Most teachers have a short list of foolproof activities they can build a lesson around in a pinch–and this is one of mine.
It’s foolproof because it works for all levels, all ages, and with or without prepared materials. It’s deceptively simple, so beginning students are able to expand their existing language skills and strategies without feeling intimidated. Students control the difficulty, and discover the language they need in the process of completing a task. I’ve done this successfully with with both children and engineers (at extreme ends of the language skill spectrum), but will demonstrate it with a class I currently teach of beginning adults. (more…)
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I know just enough Japanese and Spanish to get myself in trouble online.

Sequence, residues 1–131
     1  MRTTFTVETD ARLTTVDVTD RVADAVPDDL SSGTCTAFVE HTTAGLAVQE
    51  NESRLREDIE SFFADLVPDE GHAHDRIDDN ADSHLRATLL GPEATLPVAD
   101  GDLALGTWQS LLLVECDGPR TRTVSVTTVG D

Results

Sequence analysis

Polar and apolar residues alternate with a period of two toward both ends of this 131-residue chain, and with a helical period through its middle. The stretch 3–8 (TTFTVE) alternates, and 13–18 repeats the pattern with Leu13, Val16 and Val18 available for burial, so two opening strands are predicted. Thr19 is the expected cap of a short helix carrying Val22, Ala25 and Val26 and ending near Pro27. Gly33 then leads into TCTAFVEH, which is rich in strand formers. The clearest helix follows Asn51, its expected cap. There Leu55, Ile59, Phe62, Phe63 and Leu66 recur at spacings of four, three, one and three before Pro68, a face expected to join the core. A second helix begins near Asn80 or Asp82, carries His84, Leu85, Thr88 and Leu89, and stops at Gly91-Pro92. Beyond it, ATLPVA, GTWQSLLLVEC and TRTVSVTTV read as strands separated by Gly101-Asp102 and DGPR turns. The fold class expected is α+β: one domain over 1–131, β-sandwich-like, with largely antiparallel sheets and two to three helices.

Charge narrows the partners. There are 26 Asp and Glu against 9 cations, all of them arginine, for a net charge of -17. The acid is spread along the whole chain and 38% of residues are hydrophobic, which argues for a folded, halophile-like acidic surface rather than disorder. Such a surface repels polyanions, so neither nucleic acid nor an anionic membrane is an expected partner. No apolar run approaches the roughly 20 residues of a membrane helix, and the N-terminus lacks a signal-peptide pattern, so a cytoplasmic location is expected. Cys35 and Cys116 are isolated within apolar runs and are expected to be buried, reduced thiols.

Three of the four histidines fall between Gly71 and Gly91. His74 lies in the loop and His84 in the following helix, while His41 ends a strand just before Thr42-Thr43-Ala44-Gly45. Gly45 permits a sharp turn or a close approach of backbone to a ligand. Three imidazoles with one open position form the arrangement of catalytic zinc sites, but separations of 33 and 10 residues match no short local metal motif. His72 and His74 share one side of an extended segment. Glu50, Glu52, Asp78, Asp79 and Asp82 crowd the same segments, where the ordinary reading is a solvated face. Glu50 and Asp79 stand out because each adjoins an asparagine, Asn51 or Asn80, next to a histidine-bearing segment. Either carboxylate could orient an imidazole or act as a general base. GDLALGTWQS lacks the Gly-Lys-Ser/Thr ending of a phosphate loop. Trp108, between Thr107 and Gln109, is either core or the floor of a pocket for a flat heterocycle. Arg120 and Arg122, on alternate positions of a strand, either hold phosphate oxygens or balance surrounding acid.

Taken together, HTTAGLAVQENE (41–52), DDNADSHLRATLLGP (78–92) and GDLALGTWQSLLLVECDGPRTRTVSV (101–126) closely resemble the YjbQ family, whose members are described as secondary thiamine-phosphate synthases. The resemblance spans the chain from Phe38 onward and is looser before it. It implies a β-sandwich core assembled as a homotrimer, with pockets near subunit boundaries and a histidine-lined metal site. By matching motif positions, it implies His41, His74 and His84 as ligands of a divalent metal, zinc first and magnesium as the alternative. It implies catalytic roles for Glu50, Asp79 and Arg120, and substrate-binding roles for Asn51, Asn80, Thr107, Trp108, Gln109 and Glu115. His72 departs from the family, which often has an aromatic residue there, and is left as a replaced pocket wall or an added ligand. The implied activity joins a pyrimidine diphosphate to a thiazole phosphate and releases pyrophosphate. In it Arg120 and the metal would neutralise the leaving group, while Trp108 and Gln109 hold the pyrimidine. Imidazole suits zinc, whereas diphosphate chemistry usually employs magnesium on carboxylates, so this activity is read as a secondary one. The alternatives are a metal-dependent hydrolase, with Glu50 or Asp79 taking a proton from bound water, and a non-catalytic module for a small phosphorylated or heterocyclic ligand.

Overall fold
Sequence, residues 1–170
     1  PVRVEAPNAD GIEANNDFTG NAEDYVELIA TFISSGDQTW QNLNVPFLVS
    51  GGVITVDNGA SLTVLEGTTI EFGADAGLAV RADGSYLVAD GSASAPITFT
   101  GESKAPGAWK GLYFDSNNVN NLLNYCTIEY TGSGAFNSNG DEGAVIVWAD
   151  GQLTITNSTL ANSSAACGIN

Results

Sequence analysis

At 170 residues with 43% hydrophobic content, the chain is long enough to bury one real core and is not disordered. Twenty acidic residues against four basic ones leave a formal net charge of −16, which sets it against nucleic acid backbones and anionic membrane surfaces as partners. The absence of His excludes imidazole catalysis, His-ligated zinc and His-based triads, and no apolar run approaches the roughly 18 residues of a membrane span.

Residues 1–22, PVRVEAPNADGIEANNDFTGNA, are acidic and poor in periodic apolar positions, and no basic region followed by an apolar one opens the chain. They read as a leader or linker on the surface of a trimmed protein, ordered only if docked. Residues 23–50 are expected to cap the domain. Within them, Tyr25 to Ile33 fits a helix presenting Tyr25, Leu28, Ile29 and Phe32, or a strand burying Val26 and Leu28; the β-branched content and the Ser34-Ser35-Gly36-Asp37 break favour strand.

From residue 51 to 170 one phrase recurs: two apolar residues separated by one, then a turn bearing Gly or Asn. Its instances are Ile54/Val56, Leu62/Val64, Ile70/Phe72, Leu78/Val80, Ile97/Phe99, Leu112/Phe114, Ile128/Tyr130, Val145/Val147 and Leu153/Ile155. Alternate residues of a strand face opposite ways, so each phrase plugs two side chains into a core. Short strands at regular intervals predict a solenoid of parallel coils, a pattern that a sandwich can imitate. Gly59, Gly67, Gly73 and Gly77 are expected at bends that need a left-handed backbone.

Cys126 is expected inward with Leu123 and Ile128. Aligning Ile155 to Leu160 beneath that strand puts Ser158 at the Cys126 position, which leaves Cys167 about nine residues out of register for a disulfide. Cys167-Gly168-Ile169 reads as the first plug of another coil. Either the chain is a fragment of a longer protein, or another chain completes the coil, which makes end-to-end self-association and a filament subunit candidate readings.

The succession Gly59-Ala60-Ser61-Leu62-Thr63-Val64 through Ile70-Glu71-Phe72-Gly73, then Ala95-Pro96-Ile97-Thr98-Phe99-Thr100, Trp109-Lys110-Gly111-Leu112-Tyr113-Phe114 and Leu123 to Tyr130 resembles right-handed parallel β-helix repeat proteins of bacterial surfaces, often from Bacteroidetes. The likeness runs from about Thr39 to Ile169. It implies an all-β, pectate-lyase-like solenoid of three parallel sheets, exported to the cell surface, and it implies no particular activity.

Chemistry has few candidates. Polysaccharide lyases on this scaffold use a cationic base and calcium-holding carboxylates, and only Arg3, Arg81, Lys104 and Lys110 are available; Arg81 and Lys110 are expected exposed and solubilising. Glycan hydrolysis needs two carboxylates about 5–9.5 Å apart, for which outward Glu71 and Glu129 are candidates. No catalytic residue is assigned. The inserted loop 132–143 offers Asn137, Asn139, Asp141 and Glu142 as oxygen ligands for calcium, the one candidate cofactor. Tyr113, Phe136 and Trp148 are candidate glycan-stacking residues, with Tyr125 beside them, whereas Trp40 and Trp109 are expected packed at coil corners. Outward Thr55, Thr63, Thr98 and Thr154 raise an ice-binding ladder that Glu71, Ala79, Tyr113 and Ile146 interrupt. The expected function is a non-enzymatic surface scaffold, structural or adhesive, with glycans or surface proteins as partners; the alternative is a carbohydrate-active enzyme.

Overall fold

Sometimes, I practice my language skills by surfing the web, looking for education blogs or articles in my weak languages. Finding them isn’t that hard. Navigating from the first page is where I get into trouble. There’s a visual aspect to web literacy that I don’t really have outside of my native English. I’m never sure if links will take me to another page, or to a totally unrelated site (via ads that come with “free” blogs) or to a check out page for something I unintentionally put in my cart.
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